Read by Juliet Stevenson
When Catherine Morland, a country clergyman’s daughter, is invited to spend a season in Bath with the fashionable high society, little does she imagine the delights and perils that await her. Captivated and disconcerted by what she finds, and introduced to the joys of ‘Gothic novels’ by her new friend, Isabella, Catherine longs for mystery and romance. When she is invited to stay with the beguiling Henry Tilney and his family at Northanger Abbey, she expects mystery and intrigue at every turn. However, the truth turns out to be even stranger than fiction…
Running Time: 8 h 17 m
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ISBN: 978-962-634-427-9 Digital ISBN: 978-962-954-453-9 Cat. no.: NA742712 CD RRP: $47.98 USD Download size: 121 MB BISAC: FIC004000 Released: June 2006
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In the late 1700s, romantic gothic fiction was a popular genre epitomised by Ann Radcliffe’s The Mysteries of Udolpho, which involved a beautiful heroine who suffers mental torture at the hands of her aunt’s husband in his ruined castle. Writing a few years later, Austen presented herself as the literary equivalent of Dawn French and mocked Radcliffe’s work with her own version, Northanger Abbey. This satire laughed at the idea that all young girls were beautiful and good-natured and all large buildings imposing and full of mystery. Juliet Stevenson conveys all the irony that Austen intended in her work, and this is a wonderful testament to one of her less appreciated novels.
Kim Bunce, The Observer
Northanger Abbey is the exuberant lesser known child of Jane Austen’s oeuvre. Even though it was her first novel to be completed and sold in 1803, much to Austen’s bemusement it was never published and languished with Crosby & Co for thirteen years until she bought it back for the ten pounds that the publisher had originally paid. It was finally published posthumously together with Persuasion in late 1817. If its precarious publishing history suggests it lacks merit, I remind readers that in the early 1800’s many viewed novels as lowbrow fare and unworthy of serious consideration. In “defence of the novel” Austen offered Northanger Abbey as both a parody of overly sensational Gothic fiction so popular in the late eighteenth-century and a testament against those opposed to novel reading. Ironically, Austen pokes fun at the critics who psha novel writing by cleverly writing a novel defending novel writing. Phew! In a more expanded view it is so much more than I should attempt to describe in this limited space but will reveal that it can be read on many different levels of enjoyment for its charming coming of age story, astute social observation, allusions to Gothic novels and literature, beautiful language and satisfying love story. I always enjoy reading it for the shear joy of its naïve young heroine Catherine Morland, charmingly witty hero Henry Tilney and the comedy and social satire of the supporting characters.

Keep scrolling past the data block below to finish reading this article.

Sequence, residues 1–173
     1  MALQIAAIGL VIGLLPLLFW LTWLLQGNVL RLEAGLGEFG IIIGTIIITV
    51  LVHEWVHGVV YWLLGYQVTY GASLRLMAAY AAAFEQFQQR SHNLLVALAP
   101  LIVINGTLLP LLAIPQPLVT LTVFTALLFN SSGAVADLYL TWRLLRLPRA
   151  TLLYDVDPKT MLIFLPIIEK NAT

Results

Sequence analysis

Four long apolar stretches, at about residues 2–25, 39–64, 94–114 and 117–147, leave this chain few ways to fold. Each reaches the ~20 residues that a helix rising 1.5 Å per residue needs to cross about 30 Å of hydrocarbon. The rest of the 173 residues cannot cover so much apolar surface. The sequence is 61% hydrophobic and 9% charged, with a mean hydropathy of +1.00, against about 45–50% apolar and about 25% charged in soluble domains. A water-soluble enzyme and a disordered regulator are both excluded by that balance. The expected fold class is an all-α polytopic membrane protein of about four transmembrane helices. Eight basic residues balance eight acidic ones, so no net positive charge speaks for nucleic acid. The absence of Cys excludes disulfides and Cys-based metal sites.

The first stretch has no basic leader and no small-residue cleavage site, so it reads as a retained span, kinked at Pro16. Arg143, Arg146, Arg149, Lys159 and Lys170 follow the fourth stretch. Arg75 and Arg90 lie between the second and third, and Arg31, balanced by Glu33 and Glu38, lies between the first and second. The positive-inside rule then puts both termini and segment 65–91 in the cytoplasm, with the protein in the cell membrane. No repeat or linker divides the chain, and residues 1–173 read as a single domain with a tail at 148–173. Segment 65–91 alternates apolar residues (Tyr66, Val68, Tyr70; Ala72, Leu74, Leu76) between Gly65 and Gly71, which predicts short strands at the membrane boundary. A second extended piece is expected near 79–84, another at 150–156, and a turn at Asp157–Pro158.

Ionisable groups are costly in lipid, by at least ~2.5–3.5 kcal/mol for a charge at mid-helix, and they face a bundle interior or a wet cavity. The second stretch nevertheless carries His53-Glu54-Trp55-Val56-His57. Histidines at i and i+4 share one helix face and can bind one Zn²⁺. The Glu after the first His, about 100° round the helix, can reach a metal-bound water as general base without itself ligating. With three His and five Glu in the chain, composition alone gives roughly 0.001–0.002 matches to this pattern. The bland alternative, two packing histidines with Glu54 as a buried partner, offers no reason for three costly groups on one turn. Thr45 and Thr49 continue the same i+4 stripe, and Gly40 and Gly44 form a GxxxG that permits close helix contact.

It is believed that Jane Austen wrote many of her first works for the entertainment of her family and would read them aloud for their opinion and enjoyment. It is not hard to imagine that Northanger Abbey was presented to her family in this manner. The language and phrasing lends itself so freely to the spoken word, almost like a stage play, that I was quite certain that an audio book would be a great enhancement to the text. Add to that the talent of a creative narrator and you have a great combination for several hours of entertainment ahead of you. I adore audio books and listen to them in the car during my commute to work. This Naxos AudioBooks recording is read by the acclaimed British stage and screen actress Juliet Stevenson whose performance as the acerbic Mrs Elton in the 1996 movie adaptation of Jane Austen’s novel Emma was amazingly as outrageously funny as Austen’s insufferable character. Stevenson’s reading did not disappoint and far exceeded my expectations. She added just the right amount of irony and humor to the reading that I was never in doubt that it is a burlesque of campy Gothic fiction or other overly sentimental novels popular in Jane Austen’s day. Her choice of characterizations was imaginative and captivating. Hearing her interpretation of the emptiness of Mrs Allen and her frivolous distinction for fashion, Isabella Thorpe and her shallow endearments, and Henry Tilney with his knack for reading and adapting to different personalities with wit and charm, I have a deeper appreciation and understanding of the novel and recommend it highly.
‘And what are you reading, Miss — ?’ ‘Oh! It is only a novel!’ replies the young lady, while she lays down her book with affected indifference, or momentary shame. ‘It is only Cecilia, or Camilla, or Belinda’; or, in short, only some work in which the greatest powers of the mind are displayed, in which the most thorough knowledge of human nature, the happiest delineation of its varieties, the liveliest effusions of wit and humour, are conveyed to the world in the best–chosen language.” Ch 5
Laurel Ann, Austenprose.com